During the later part of the 1950s his research work was mostly around the structure of organic halogen compounds. He undertook a series of experiments to determine the structure of the compounds as there was very little information on it. He was able to lay down a basic set of rules behind the geometry of the compounds which remained his main interest in the years to come.
He became a ‘Professor Emeritus’ in 1981.
Odd Hassel authored the book ‘Krtistallchemie’ or ‘Crystal Chemistry’ which was written in German and published in 1934.
Odd Hassel was born in Kristiania which is now Oslo, Norway, on May 17, 1897. His father was a gynecologist named Ernst August Hassel and his mother was Mathilde Christine Klaveness.
He had a twin brother named Lars, another two brothers named Ernst and Fredrik and a sister named Ella.
His father died when he was only eight. He continued to live with his mother till the age of thirty-five.
He completed his matriculation from the ‘Vestheim School’ in 1915 along with his twin brother.
After matriculation he enrolled at the ‘University of Oslo’ in 1915 to study mathematics and physics with chemistry as the main subject.
He received his B.Sc. degree in chemistry from the ‘Universitty of Oslo’ in 1920.
After getting his bachelor’s degree he spent a year in France and Italy in studying theoretical physics but decided to continue with chemistry instead.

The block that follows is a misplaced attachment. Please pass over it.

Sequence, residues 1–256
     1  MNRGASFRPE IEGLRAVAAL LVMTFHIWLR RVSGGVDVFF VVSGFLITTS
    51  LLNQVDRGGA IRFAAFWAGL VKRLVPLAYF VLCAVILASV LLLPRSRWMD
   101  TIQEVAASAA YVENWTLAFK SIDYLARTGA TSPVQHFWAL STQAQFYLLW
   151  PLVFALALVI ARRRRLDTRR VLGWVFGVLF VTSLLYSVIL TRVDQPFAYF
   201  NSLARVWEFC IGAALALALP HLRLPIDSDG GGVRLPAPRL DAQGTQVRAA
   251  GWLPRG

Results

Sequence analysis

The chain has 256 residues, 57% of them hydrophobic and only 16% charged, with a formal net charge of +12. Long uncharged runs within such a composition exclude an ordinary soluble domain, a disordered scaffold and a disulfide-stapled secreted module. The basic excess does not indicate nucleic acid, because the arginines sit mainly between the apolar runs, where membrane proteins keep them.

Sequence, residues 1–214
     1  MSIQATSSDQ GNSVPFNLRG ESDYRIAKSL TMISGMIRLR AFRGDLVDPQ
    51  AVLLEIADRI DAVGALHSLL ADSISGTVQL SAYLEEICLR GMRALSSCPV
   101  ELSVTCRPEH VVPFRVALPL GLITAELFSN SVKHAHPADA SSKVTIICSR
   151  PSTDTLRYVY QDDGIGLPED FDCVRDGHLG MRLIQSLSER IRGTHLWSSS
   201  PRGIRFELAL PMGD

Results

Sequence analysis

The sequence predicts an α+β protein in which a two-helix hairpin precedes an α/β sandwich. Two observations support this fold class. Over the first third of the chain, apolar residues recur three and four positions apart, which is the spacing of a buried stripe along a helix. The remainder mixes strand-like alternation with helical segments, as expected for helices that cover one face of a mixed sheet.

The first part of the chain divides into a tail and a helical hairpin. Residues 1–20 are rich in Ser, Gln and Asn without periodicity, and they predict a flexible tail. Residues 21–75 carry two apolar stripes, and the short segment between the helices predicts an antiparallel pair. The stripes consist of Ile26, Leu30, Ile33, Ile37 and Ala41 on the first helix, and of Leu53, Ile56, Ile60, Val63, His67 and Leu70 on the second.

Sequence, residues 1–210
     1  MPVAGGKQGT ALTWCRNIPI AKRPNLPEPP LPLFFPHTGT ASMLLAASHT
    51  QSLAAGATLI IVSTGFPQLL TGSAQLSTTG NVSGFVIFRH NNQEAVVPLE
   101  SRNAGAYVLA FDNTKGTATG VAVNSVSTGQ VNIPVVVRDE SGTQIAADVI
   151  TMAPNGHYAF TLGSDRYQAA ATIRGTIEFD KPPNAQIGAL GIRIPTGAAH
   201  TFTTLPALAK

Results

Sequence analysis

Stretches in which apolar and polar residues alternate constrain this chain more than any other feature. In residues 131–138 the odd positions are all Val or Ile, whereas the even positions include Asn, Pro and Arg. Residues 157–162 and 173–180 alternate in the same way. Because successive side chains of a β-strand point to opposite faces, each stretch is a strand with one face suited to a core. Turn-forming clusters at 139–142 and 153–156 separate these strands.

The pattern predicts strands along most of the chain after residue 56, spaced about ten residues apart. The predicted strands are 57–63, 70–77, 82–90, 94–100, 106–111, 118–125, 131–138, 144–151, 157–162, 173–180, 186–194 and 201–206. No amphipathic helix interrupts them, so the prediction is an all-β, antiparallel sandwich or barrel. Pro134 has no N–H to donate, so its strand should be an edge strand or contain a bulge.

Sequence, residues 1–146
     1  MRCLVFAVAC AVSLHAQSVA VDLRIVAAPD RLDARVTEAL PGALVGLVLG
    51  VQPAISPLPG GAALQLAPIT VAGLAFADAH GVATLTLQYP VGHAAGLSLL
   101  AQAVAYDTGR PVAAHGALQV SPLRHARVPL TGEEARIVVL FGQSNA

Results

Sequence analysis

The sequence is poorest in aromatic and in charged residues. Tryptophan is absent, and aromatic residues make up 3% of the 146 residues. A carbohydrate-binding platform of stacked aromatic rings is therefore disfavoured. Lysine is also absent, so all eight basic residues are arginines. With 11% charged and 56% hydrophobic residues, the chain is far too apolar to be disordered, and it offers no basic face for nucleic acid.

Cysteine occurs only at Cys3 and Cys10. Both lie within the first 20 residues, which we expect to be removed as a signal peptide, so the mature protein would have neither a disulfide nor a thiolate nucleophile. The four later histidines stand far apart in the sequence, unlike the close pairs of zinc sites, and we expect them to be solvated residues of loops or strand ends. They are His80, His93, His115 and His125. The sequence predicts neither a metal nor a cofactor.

In the autumn of 1922 he went to Germany and spent about six months in the laboratory of Professor K. Fajans at Munich, working on the reactions of organic dyes on silver halides which led to the discovery of ‘absorption indicators’.
After six months he moved to Berlin and joined the ‘Kaiser Wilhelm Institute’ in Dahlem and worked on crystallography with the help of X-rays.
He received a ‘Rockfeller Foundation Fellowship’ on the proposal of Fritz Haber for the period 1923-1924 which helped him complete his doctorate.
He received his PhD degree in chemistry from the ‘Humboldt University of Berlin’ in 1924.
He remained unmarried throughout his life.
He suffered from albinism since birth.
Odd Hassel died in Oslo, Norway on May 11, 1981.
Odd Hassel received the ‘Fridtjof Nansen Award’ in 1946.
He received the ‘Guldber and Waage’s Law of Mass Action Memorial Medal’ from the ‘Norwegian Chemical Society’ and the ‘Gunnerus Medal’ from the ‘Royal Norwegian Academy of Sciences’ in 1964.
He won the Nobel Prize in Chemistry in 1969.
He was also awarded the ‘Knight of the Order of St. Olay’ and was made a Fellow of several societies such as the ‘Chemical Society of London’, the ‘Norwegian Academy of Science’, the ‘Norwegian Chemical Society’, the ‘Royal Danish Academy of Sciences’, the ‘Royal Norwegian Academy of Sciences’, and the ‘Royal Swedish Academy of Sciences’.
He was given honorary degrees by the ‘University of Copenhagen’ and the ‘University of Stockholm’.
Every year from his 70th birthday in 1967 onwards, distinguished scientists from all over the world gather at ‘University of Oslo’ to give lectures which are known as ‘The Hassel Lectures’.
He has been commemorated by a postage stamp brought out by the Norwegian Posts & Telegraphs department.